Graphite, most commonly found in pencils, is something that at first may appear uninteresting to us. It’s grey, brittle and difficult to write with at times. In 2004 however, two scientists, who were curious about the layered properties of graphite (the property that makes it possible to write with), sought to explore the limits of its thinness and how its properties change with scale. Using nothing but sticky tape, they repeatedly peeled off layer by layer until they achieved a layer only one atom thick. This was the first and most familiar of the 2D nanomaterials, known as graphene.
The significance of this material however lies not in its extreme thinness, but in the surprisingly different properties it displays compared to its 3D equivalent. It is almost completely transparent, over 300 times stronger than steel and is far more electrically conductive than graphite. This has led to a vibrant field of research in 2D materials with potential applications in energy storage, sensors, energy harvesting and ICT.
In Trinity, the Centre for Research on Adaptive Nanostructures and Nanodevices (CRANN) has been at the forefront of this field developing new techniques of production, as well as adding to the collection of 2D materials created worldwide. Professor Valeria Nicolosi is one of the leading researchers in 2D materials both in CRANN and AMBER (Advanced Materials and BioEngineering Research) in University College Cork. In a recent interview with Horizon Magazine, she compares the unique properties of each 2D material to a “superpower that is very distinctive and different from the other one”, but it is “impossible to find one material to have all the properties you need”. One could, therefore, combine the “superpowers” of each nanomaterial into a device with optimised performance and minimal flaws.
Nicolosi has recently embarked on a new research project named “3D2DPrint”, looking to incorporate the recent advances of 2D material printing into state-of-the-art batteries and supercapacitors. This capitalises on recent advances in printed electronic components from Trinity’s Professor Jonathan Coleman 3D2DPrint has received 2.5 million euro of funding from the European Research Council and is set to conclude in October 2021.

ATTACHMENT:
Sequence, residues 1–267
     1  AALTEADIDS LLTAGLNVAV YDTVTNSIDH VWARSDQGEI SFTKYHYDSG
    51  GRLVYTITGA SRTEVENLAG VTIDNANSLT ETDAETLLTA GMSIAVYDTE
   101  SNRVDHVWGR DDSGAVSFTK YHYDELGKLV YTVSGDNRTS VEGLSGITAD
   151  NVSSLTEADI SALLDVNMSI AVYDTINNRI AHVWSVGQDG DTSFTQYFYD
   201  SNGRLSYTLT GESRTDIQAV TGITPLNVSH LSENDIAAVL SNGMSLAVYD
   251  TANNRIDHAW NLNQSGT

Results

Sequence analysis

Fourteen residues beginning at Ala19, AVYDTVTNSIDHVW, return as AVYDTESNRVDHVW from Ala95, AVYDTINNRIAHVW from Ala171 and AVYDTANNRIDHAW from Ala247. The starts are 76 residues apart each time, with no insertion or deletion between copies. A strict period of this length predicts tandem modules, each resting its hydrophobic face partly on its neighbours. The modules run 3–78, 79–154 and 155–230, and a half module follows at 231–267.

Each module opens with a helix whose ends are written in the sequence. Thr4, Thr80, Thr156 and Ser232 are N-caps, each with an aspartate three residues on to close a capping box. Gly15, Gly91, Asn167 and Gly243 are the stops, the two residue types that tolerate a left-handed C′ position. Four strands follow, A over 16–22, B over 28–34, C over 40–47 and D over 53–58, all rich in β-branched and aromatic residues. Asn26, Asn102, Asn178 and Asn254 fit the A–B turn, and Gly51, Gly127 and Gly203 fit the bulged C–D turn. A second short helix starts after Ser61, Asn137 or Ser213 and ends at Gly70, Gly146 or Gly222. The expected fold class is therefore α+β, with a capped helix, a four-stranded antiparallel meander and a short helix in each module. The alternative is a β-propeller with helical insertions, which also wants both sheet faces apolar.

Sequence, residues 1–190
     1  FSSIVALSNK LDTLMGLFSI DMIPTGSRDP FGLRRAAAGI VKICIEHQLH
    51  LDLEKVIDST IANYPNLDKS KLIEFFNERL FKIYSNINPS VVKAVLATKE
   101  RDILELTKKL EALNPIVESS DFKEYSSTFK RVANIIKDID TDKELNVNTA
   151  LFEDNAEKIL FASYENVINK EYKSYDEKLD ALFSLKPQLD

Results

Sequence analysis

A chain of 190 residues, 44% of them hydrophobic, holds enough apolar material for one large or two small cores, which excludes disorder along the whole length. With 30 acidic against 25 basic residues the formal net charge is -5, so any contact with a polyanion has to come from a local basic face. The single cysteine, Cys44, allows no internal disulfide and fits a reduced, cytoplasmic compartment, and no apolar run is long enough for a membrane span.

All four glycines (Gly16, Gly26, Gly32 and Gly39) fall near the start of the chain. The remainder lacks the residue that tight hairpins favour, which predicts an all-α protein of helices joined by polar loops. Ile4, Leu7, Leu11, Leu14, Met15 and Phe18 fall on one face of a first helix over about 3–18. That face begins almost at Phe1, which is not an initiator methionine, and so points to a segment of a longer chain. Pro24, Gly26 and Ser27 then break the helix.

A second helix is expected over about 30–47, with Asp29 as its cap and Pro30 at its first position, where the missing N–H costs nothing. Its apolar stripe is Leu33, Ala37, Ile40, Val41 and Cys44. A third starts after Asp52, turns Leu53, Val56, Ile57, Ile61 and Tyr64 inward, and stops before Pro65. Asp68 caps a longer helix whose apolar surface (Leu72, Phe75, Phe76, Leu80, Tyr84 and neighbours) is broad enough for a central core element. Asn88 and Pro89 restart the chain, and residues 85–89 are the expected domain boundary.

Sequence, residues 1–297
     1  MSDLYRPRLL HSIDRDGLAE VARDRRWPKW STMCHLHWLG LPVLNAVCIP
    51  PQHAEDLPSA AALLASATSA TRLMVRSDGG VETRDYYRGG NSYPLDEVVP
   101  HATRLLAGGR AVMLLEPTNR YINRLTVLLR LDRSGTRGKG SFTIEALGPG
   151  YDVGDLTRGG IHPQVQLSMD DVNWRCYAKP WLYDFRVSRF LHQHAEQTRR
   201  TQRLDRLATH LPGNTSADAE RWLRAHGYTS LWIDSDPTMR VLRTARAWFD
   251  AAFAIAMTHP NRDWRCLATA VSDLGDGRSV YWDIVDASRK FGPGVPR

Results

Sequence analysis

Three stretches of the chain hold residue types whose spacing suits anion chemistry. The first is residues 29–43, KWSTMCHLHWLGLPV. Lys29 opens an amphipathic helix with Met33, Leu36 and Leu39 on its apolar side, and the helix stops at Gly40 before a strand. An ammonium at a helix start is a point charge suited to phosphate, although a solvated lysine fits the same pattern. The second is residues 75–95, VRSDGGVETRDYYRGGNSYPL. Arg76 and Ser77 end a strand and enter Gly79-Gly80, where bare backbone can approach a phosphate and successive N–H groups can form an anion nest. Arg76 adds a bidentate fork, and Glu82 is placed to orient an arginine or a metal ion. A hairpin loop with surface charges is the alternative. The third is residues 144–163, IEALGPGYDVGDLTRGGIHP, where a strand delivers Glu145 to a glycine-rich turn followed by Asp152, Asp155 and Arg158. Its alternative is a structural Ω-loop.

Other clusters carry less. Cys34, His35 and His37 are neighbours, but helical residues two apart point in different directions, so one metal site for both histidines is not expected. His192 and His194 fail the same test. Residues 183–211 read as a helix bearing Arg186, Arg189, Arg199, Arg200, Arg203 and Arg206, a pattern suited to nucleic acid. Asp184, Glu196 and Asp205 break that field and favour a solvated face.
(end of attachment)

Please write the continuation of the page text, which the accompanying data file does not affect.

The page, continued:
Currently, batteries have high energy densities, but long charge/discharge times. On the other hand, supercapacitors, such as those in camera flashes, have fast charge/discharge times and low energy densities. The aim of this project is to combine the qualities of each device into something with fast charging times, and high energy capacity. This is great for consumer electronics where batteries could recharge in minutes and last for days, but the real benefits will be seen in larger scale technologies, where battery price and performance have been limiting factors on development. A good example is the recent rise in the electric vehicle market. Other novel uses of these batteries include the ability to embed them in clothing or plastic casings for additional energy storage, as well as implants to power medical devices in the body.
Cost and scalability are also considerations in bringing technology beyond the lab and into industry. Nicolosi has even managed to modify an office inkjet printer to print batteries, indicating that this has the potential to be a very ubiquitous technology.
The project is still in its early stages, and we can only anticipate what the outcome of this work will be. We do know, however, that Nicolosi has been very successful in securing funding in recent years and has delivered very promising results in her previous projects. Four years is a very long time in the world of science, so hopefully we will see the promises of this work realised in the near future in our own personal electronics.